In The Kitchen by Chris Cascio

“So, you think you’re big and bad, huh? Okay, buddy boy, let’s see just how big and bad you really are.”

Our father drew two White Owl Miniature cigars—the long, thin, ones from the box on the counter, and unwrapped one of them. He extended the other to my older brother, Charlie.

I watched from the doorway as Charlie’s hand began to move. Mom had just caught him smoking in the parking lot behind our house with one of the neighbor kids. He’d denied it hand on heart before hooting and hollering, as was his custom whenever he’d gotten into trouble, but it didn’t make a difference this time because he’d been spotted straight. Now Dad was going to make him pay by having him sit there on a stool and smoke till he got sick. Mom, however, didn’t approve. In fact, she’d become livid with the old man and harangued him right there in front of us before storming off to their bedroom, claiming he was no better and condemning the punishment as cruelty. She accused him of undermining her genuine concern with what she called limitless inaninity.

With our mother out of the room, a fiendish grin spread across my father’s face. Charlie accepted the cigar and unwrapped it. Our father slowly withdrew his cutter from his shirt pocket, methodically inserted the tip of his own cigar, and snipped the tip.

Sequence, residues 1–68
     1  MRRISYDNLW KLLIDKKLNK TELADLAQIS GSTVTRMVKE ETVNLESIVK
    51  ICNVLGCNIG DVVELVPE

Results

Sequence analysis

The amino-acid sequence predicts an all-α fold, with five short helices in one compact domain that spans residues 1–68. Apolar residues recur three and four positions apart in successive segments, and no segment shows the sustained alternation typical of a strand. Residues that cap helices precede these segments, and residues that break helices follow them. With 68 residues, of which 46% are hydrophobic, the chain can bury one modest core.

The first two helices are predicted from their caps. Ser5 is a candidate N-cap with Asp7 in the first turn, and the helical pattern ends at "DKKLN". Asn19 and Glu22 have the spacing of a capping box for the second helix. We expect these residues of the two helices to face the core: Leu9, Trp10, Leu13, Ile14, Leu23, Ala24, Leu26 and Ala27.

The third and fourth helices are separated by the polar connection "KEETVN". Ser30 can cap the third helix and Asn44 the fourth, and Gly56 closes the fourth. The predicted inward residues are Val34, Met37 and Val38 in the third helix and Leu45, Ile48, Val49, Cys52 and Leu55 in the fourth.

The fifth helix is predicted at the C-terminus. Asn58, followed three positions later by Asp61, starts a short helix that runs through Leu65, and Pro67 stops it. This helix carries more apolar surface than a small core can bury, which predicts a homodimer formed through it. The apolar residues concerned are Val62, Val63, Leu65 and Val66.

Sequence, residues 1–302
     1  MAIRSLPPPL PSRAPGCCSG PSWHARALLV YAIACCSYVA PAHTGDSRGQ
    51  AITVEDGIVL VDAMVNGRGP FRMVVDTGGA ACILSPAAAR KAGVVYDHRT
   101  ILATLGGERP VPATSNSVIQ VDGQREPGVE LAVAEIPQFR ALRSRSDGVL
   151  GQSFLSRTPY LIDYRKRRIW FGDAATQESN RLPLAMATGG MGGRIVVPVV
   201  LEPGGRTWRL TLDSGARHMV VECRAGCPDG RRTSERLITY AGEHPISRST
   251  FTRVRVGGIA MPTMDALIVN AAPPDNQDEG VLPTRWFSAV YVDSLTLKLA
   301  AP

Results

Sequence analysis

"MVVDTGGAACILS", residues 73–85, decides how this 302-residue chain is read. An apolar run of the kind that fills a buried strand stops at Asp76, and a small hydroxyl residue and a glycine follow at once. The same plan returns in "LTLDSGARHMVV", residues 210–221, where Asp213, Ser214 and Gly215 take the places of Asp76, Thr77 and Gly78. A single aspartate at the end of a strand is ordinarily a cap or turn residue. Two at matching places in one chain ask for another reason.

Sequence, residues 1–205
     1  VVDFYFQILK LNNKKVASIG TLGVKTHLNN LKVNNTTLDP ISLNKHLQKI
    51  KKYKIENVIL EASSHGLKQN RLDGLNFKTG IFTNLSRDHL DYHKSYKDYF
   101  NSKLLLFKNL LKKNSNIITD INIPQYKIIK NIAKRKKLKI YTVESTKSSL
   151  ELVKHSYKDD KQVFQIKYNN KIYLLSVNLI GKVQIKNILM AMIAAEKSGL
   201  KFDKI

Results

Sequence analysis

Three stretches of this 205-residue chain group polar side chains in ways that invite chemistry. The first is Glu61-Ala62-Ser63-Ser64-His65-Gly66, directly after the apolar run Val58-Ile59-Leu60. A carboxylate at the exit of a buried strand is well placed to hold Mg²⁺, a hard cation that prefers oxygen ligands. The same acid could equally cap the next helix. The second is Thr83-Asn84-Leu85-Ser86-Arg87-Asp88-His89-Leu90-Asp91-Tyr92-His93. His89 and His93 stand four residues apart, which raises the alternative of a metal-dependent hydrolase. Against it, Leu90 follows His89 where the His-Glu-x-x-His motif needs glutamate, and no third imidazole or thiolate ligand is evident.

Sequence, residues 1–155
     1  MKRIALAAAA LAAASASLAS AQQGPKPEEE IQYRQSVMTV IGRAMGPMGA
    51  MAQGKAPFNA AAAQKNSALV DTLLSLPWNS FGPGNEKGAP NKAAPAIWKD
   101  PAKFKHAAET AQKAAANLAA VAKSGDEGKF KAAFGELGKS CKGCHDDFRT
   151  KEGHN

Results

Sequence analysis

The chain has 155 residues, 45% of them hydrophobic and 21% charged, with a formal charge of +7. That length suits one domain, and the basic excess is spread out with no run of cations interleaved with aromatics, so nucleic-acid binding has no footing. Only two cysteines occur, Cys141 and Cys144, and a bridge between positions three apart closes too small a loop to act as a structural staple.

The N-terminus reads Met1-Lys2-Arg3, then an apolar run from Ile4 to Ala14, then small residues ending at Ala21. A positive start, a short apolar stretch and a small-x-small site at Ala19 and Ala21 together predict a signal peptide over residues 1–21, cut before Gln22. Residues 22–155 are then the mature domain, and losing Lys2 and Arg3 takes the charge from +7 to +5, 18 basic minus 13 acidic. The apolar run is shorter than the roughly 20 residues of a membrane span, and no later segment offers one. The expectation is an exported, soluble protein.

Charlie extended the tip of his own cigar, but Dad straightened his back. “Oh, you don’t need this,” he said, dropping the cutter back into his pocket. “You’re a strapping young lad. Go ahead. Bite it off.”

My brother’s nostrils flared, not unlike when he’d been told to eat something on his plate he despised. He looked at the cigar and then up to our father, who held his gaze steady. Charlie raised the tip and bit but didn’t cut all the way through. Our father gestured by raising his own cigar to his mouth and pulling it to the side as if tearing it. Charlie clenched his teeth and tore, leaving a crude, gnarled end. A moment later the color drained from his face.

My father’s smile widened. “Go ahead and spit it out.”

Charlie spit the leafy wad into his hand, and Dad fished his Zippo from his jeans, cracked it open and lit his own cigar. He puffed and puffed until the head glowed bright and smoke billowed, and then he held out the Zippo toward my brother and re-ignited the fire.

Charlie held the cigar to his lips and leaned forward. As he drew the flame in, smoke exited the sides of his mouth.

“Don’t just puff,” Dad said. “Breeaathe it in.” He demonstrated by inhaling the smoke deeply, holding it in his chest and then exhaling one long, steady stream above Charlie’s head.

Charlie did as he was told, and our father appeared to delight in seeing his son burdened with holding that stinky, heavy smoke in his lungs. When he exhaled, Dad’s brow softened in an odd manner. “Attaboy,” he said. “Now you’re doin’ it.”